Entertainment

Rising from the ashes

Father of Brentwood Five victim forms non-profit

Chris Stills performs during the Prophets of Music Gala at The Palace Theatre in Calgary on Saturday, Dec. 3, 2016. For the Weal's Prophets of Music story. (Photo by Quinten Hauck/SAIT)

Chris Stills performs during the Prophets of Music Gala at The Palace Theatre in Calgary on Saturday, Dec. 3, 2016. For the Weal’s Prophets of Music story. (Photo by Quinten Hauck/SAIT)

It’s not often that something so good comes out of something so tragic, but when Barclay Hunter lost his son Josh, within a matter of days that The Prophets of Music were born.

Joshua Hunter, 23, was stabbed to death nearly three years ago at a house party in the Northwest Calgary community of Brentwood along with four other young victims, Lawrence Hong, Kaitlin Perras, Zackariah Rathwell, and Jordan Segura.

The victims would come to be known as the Brentwood Five.

“I needed to do something to help me and to help our family find something positive.

“If there’s even a possibility for something good to come out of it,” said Barclay Hunter, Joshua Hunter’s father and executive director of The Prophets of Music non-profit organization.

Hunter asked himself what that “something” would look like.

Josh was the drummer in the local band Zackariah and The Prophets fronted by Rathwell. His father Barclay, a self-described hobby musician, said he and Josh shared a big connection over their love of making music, and the nature of the business.

“There’s a lot of things that don’t work in the music industry. Very few get to the point where they can actually sustain themselves,” said Hunter.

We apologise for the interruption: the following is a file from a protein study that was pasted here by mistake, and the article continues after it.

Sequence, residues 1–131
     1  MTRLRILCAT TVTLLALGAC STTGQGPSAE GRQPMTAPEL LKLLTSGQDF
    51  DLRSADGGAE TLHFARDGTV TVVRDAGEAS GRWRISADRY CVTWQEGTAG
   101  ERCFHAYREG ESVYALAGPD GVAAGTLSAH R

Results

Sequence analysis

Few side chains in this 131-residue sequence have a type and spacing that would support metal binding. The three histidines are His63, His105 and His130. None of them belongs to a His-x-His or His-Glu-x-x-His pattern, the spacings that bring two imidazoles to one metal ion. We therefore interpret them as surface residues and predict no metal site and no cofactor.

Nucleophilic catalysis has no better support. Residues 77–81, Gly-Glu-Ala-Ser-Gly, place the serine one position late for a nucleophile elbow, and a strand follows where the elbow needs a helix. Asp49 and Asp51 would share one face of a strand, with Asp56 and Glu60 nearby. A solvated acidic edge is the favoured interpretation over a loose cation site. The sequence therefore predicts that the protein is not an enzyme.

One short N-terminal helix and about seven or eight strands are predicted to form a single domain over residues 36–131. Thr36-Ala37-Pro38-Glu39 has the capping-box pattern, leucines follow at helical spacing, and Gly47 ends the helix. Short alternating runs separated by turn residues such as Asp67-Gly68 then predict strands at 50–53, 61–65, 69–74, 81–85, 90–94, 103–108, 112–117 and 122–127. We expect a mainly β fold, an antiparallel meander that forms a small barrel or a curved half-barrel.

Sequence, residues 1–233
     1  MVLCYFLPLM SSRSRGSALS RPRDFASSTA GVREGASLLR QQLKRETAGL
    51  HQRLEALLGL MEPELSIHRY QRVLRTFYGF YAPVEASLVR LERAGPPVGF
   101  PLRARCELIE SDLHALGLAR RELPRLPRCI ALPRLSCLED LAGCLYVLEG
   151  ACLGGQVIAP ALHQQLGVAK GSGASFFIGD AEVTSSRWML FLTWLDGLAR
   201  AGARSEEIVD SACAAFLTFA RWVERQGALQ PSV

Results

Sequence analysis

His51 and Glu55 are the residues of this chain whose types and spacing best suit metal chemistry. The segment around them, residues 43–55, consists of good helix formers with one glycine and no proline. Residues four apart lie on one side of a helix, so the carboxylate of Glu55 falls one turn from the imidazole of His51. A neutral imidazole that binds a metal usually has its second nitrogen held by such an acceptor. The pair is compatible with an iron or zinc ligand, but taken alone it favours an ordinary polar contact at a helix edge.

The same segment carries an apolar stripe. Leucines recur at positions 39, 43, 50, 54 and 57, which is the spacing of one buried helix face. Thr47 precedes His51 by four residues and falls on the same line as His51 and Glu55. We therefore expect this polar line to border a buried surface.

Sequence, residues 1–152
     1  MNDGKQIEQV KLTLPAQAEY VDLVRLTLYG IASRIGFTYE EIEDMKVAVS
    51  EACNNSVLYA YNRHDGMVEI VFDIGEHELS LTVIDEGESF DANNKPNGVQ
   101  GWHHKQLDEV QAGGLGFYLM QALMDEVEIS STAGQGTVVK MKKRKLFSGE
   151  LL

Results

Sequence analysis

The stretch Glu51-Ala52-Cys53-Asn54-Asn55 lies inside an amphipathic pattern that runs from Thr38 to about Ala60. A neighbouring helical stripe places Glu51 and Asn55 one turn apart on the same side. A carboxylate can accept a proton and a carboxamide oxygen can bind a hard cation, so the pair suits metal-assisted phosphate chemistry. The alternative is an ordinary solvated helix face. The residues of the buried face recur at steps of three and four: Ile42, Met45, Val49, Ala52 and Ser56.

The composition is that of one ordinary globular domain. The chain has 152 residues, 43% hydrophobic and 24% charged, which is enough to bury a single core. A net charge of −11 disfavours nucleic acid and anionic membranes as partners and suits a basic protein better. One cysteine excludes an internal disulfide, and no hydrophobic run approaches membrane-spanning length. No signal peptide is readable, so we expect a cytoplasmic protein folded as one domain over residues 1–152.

So, he started a program to help artists find what sets them apart to be successful.

The Prophets of Music supports projects such as the Boys and Girls Club that do good things through music and music education.

Their Emerging Artist Program supports artists by providing them with resources, mentorship and education in a full-spectrum way.

Not only are artists taught about music production and performance, but also about branding and fan engagement.

They are mentored by accountants and entertainment lawyers who provide them with information regarding contracts and royalty agreements.

Additional information is also given to them, including all the different grants and funding that are available to artists in Canada.

The first three bands and musicians to participate in the Emerging Artist Program are Brett McCrady, The Ashley Hundred and High Love (formally known as REND).

They were chosen from roughly 50 applicants, based on their performances as artists, and their intensiveness to determine their level of intention and seriousness.

Currently, the musicians are working on their social media campaigns, artwork and fan engagement strategies as their five-song EPs go on to their final mixing and mastering process at OCL studios. On April 29, at The Palace Theatre, their music will be showcased and celebrated.

Tickets are available at prophetsofmusic.org for $15 in advance, or $20 at the door.

Doors open at 8 p.m. with the concert starting at 9 p.m.

For those interested, The Prophets of Music will also begin accepting applications for The Emerging Artist Program 2017. Any donations can be made to the Prophets of Music Society Fund through thecalgaryfoundation.org.

Hunter said people will be surprised at the quality of music being produced by the program.

As for how the organization honours Josh’s memory, Hunter said that the people involved want to do good things.

“That’s the connection, that’s it. It doesn’t get any more complicated than that.”

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